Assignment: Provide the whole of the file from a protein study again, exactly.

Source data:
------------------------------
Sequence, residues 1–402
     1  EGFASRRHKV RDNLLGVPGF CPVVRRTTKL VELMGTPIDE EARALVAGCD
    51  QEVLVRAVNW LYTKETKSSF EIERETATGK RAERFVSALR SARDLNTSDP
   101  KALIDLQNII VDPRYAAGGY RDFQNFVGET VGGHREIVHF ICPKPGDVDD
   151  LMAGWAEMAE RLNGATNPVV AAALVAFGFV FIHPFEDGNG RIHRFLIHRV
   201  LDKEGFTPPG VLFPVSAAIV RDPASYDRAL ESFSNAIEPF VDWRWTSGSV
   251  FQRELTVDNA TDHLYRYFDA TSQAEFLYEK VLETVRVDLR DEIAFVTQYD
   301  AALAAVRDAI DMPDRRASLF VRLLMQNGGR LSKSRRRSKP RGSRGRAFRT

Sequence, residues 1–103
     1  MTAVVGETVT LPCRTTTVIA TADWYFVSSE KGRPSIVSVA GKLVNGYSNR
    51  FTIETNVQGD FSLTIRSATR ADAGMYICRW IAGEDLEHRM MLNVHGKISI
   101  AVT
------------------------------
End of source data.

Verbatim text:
Sequence, residues 1–402
     1  EGFASRRHKV RDNLLGVPGF CPVVRRTTKL VELMGTPIDE EARALVAGCD
    51  QEVLVRAVNW LYTKETKSSF EIERETATGK RAERFVSALR SARDLNTSDP
   101  KALIDLQNII VDPRYAAGGY RDFQNFVGET VGGHREIVHF ICPKPGDVDD
   151  LMAGWAEMAE RLNGATNPVV AAALVAFGFV FIHPFEDGNG RIHRFLIHRV
   201  LDKEGFTPPG VLFPVSAAIV RDPASYDRAL ESFSNAIEPF VDWRWTSGSV
   251  FQRELTVDNA TDHLYRYFDA TSQAEFLYEK VLETVRVDLR DEIAFVTQYD
   301  AALAAVRDAI DMPDRRASLF VRLLMQNGGR LSKSRRRSKP RGSRGRAFRT

Sequence, residues 1–103
     1  MTAVVGETVT LPCRTTTVIA TADWYFVSSE KGRPSIVSVA GKLVNGYSNR
    51  FTIETNVQGD FSLTIRSATR ADAGMYICRW IAGEDLEHRM MLNVHGKISI
   101  AVT